We’ve received over thirty responses to our online survey, which might not be enough to establish a credible scientific perspective, but it’s enough to provide an idea of what people know—and don’t know—about water. We’ll be pulling quotes from the responses to include in our forthcoming website.
While I’ve been designing responsive navigation menus and styling the skeleton of our website, Paz has been busy exploring the environs of Mar Menor. She is planning an “alternative touristic walk” of the region, that will highlight local pollution and environmental threats from a biological perspective. I’m hoping to translate that experience to the website for those of us in the United States. As you can see below, the water in Mar Menor is extremely gross (to use the technical term), and demonstrates the high turbidity of the lagoon that Paz is studying through micro-biology.
Meanwhile in the U.S., the new administration has added alternative facts to the ever-evolving lexicon of bullshiting, the Environmental Protection Agency faces debilitating budget cuts, and protest signs proclaim “Facts matter” and “Science is not a liberal conspiracy.” All this underscores the need for science education, and particularly the need to make it cool. Fortunately we have Neil deGrasee Tyson to put science-skeptics in their place while remaining the coolest person on the planet.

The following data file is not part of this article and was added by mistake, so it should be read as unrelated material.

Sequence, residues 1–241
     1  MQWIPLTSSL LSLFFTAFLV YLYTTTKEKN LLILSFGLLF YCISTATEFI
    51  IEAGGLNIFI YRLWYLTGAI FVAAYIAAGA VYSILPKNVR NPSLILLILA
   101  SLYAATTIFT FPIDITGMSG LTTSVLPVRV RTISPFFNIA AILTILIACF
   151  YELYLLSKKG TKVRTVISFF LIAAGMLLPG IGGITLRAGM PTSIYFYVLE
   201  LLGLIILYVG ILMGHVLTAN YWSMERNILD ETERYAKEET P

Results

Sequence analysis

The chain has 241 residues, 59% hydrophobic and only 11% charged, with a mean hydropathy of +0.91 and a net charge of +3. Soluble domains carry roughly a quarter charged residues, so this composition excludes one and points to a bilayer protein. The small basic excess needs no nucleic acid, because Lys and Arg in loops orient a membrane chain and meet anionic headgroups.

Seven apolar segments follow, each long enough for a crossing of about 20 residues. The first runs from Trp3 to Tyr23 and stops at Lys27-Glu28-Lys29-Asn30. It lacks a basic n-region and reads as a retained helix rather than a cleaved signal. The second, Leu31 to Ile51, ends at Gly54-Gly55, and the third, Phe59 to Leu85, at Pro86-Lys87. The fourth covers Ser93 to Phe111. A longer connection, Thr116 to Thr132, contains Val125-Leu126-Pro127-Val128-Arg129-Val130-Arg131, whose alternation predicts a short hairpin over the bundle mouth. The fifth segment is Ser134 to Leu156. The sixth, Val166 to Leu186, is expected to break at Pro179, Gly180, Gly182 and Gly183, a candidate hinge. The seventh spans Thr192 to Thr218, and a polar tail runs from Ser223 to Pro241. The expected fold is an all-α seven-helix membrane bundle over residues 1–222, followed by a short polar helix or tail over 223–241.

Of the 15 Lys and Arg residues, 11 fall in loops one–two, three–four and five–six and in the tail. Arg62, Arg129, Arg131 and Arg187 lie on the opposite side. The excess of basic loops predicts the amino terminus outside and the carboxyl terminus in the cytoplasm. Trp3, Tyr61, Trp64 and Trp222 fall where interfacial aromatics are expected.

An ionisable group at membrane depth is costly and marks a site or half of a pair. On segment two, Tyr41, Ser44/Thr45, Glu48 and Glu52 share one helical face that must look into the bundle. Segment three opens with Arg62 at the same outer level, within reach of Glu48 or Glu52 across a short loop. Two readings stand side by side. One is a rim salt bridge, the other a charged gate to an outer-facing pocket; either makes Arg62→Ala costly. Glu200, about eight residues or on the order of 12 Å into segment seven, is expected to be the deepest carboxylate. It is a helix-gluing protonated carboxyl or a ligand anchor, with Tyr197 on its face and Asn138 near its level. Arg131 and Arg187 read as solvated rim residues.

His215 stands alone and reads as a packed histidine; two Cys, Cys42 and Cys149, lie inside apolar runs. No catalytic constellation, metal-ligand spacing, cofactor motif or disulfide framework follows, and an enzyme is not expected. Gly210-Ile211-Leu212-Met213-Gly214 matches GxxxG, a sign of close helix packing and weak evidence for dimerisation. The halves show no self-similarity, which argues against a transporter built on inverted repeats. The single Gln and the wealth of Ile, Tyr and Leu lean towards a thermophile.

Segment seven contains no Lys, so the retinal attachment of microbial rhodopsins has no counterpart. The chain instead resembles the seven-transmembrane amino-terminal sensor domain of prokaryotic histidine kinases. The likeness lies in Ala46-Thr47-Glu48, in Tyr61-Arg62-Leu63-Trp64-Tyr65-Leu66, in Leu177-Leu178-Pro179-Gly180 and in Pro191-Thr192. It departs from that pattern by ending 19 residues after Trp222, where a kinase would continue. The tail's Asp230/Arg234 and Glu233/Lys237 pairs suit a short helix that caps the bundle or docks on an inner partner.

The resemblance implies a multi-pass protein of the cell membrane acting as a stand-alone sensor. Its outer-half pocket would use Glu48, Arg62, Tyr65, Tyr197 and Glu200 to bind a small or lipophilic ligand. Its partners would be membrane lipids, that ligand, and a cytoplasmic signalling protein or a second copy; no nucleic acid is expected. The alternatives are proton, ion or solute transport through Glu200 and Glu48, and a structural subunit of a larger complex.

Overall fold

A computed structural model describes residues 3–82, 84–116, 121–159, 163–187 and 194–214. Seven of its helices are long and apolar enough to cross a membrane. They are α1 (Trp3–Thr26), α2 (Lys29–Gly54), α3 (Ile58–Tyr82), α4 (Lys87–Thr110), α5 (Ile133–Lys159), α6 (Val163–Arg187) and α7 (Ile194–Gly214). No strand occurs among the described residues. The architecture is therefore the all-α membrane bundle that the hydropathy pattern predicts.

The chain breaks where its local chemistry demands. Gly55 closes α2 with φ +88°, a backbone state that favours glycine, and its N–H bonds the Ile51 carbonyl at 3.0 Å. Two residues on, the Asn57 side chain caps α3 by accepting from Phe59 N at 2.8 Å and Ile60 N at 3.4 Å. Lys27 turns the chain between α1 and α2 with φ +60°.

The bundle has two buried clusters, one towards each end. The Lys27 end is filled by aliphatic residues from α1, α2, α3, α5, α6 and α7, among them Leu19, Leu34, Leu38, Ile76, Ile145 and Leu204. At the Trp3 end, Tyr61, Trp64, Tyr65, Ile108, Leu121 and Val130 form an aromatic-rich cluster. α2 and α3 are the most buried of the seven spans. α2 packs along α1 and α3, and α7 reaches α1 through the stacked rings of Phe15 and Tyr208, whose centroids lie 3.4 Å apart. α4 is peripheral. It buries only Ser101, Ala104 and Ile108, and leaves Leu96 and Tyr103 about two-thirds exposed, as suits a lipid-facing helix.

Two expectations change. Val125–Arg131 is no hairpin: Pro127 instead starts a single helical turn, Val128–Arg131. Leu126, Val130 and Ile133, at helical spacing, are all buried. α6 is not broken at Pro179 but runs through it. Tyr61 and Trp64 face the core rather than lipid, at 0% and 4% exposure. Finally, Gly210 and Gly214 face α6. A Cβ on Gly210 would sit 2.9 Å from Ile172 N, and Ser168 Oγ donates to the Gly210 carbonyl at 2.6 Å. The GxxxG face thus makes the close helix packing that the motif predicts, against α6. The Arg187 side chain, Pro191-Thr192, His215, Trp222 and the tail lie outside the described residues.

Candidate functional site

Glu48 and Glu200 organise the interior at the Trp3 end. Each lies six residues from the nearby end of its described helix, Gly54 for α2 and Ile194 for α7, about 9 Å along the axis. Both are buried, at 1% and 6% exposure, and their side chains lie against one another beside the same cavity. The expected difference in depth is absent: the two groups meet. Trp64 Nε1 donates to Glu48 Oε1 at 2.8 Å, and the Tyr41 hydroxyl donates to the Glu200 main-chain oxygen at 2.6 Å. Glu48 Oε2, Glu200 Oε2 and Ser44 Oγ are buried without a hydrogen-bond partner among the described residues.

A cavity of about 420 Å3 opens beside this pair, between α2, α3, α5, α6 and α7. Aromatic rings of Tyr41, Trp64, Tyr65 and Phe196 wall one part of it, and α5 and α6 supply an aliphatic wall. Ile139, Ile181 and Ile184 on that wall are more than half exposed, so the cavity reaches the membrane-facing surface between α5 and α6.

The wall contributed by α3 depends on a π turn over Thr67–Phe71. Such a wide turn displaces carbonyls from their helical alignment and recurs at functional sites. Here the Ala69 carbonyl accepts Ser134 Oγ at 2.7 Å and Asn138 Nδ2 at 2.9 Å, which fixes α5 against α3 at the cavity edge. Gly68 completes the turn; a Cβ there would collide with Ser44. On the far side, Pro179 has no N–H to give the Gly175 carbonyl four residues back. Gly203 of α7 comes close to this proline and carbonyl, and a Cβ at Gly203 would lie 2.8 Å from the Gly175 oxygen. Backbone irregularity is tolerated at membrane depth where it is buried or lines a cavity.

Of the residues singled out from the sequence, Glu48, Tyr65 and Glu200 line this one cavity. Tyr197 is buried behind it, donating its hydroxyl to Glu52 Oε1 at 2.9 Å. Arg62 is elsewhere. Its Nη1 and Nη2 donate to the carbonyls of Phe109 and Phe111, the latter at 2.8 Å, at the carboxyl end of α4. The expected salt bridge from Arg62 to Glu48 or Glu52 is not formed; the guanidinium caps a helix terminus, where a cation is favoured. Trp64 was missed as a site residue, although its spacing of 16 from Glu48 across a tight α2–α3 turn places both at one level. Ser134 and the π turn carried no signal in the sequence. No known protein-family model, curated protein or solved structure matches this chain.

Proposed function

One of the design choices I’m currently faced with is how close to stick to mainstream design trends in web design. As an online project, our site needs to be accessible to people on mobile devices, and clearly communicate a variety of information. If a user can’t figure out what they’re looking at or how to advance to the next page, they will probably just click over to Facebook and avoid learning anything about water chemistry or microbiology. On the other hand, we’re artists (or sciartists?) and the website should appear somewhat more like a creative visual experience than your average portfolio site.
I’m aiming to have something online by the first week of February (the nominal end to our residency and weekly blog posts), but I suspect we’ll continue to add content after that as it’s completed. We also finally decided on a name for the project:
Visit our other residency group's blogs HERE
Paz Tornero is an artist, visiting professor at the University of Caldas in Colombia, researcher at the University of Murcia, Faculty of Fine Arts in Spain, and visiting fellow at the Institute of Microbiology (USFQ) in Ecuador.
Benjamin Andrew is an award-winning interdisciplinary artist, storyteller, and Instructor at Pennsylvania State University.